Well Being

Post-Mastectomy Woman Banned From Swimming Topless By Discriminatory Parks Dept.

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The Seattle Parks and Recreation is refusing to let a breast cancer survivor swim topless in the city's public pool–even though she has no breasts, she considers herself androgynous, and the city allows public nudity. It's really a form of discrimination at its finest, proving once again, that our society is just overly obsessed with breasts–and doesn't have a clue how to deal with women who don't have them.

As The Stranger reported this week, flat-chested Jodi Jaecks who underwent a double mastectomy without opting for reconstructive surgery, was prohibited from swimming topless in the Seattle's public pool without “gender appropriate swimwear.” The 45-year-old says she wasn't really asking for permission, she was merely being respectful and letting the pool employee know that she would be swimming topless.

Why? Jaecks explained that when she wears a post-mastectomy swimsuit, she experiences burning, intense nerve pain across her scarred chest. Nevertheless, she was told that she must cover up her chest so she wouldn't offend anyone at this “family facility” who insists that Jaecks was merely trying to be shocking.

Parks spokeswoman Dewey Potter believes this is more about getting attention than human rights:

She made it clear she wanted to show her scars as a ‘badge of courage' and wanted to use the pool to spread her message.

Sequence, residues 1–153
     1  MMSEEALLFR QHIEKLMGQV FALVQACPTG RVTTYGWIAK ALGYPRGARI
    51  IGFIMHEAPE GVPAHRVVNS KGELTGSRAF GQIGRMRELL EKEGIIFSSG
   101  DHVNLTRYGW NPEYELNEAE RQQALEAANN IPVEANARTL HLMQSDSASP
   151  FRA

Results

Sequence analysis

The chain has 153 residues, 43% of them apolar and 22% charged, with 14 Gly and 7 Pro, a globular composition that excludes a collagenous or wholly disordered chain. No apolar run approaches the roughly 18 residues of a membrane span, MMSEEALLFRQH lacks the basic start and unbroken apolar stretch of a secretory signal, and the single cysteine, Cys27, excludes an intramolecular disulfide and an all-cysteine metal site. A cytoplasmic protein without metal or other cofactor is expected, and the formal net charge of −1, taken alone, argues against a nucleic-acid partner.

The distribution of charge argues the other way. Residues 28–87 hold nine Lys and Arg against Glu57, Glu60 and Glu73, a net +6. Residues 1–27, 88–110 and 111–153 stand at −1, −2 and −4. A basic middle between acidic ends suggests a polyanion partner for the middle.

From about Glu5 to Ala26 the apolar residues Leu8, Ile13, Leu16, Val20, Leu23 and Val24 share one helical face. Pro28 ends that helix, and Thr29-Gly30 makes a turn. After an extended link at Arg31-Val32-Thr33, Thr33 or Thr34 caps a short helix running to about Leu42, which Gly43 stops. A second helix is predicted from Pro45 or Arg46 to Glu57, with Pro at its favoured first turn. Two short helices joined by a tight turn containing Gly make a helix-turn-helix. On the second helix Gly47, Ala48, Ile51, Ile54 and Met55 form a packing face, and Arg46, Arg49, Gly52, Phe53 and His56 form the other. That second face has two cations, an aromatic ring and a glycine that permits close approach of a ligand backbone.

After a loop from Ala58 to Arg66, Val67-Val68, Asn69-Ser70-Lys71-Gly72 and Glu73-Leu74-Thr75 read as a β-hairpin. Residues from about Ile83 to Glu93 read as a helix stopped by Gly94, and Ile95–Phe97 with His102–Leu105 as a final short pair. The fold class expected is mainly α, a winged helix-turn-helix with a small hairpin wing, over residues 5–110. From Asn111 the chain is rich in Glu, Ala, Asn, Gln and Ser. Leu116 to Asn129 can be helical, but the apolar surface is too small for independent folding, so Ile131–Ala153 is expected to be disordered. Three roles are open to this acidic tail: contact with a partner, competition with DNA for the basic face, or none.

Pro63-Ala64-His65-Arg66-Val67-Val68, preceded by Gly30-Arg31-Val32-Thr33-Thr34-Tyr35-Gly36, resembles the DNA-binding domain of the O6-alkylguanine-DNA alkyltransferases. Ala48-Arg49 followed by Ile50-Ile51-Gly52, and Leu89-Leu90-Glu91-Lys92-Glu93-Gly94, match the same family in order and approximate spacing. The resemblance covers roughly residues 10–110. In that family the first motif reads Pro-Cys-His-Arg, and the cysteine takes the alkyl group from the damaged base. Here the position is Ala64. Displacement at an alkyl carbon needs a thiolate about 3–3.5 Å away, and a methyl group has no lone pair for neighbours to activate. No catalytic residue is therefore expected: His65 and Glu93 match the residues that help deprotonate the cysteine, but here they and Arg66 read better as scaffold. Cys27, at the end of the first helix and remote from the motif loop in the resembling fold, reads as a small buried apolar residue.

But Jaecks doesn't agree. She is a lesbian who considers herself “pretty androgynous” and makes a good point by asking how the rules apply to transgender swimmers. Because, what would happen if a male who was dressing as a female wanted to swim topless? Or a woman who was dressing as a man?

Potter explained that the answer would be simple:

A transsexual would wear a bathing suit of the gender he or she is at the time of using a pool.

So does that mean if Jaecks referred to herself as a dude, she would then be allowed to swim topless?

To add insult to injury, nudity is legal in Seattle. Assuming, of course, that it's not “accompanied by behavior that causes a reasonable person affront or alarm,” according to Sergeant Sean Whitcomb, a spokesman for the Seattle Police Department.

Not only that, but this so-called family pool is sending the wrong message to kids and families–like, a woman should be ashamed of her breastless body and cover up so she doesn't offend anyone.

How about encouraging women to love their post-cancer bodies and be proud of the strength, courage and power that they had in their cancer battle? I think she looks beautiful.

Tell us what you think.

Photo: thestranger.com

UPDATE: The city of Seattle's parks department has now agreed to allow Jaecks to swim topless–assuming she complies with a certain rule. Take a look at our updated post here.